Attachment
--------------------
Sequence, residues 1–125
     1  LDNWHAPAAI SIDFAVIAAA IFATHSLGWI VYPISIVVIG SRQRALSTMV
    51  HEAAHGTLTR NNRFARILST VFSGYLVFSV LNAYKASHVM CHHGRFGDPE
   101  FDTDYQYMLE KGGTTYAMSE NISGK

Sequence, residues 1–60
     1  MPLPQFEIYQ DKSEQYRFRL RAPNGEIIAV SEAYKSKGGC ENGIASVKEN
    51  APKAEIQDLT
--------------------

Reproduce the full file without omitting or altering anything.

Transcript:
Sequence, residues 1–125
     1  LDNWHAPAAI SIDFAVIAAA IFATHSLGWI VYPISIVVIG SRQRALSTMV
    51  HEAAHGTLTR NNRFARILST VFSGYLVFSV LNAYKASHVM CHHGRFGDPE
   101  FDTDYQYMLE KGGTTYAMSE NISGK

Sequence, residues 1–60
     1  MPLPQFEIYQ DKSEQYRFRL RAPNGEIIAV SEAYKSKGGC ENGIASVKEN
    51  APKAEIQDLT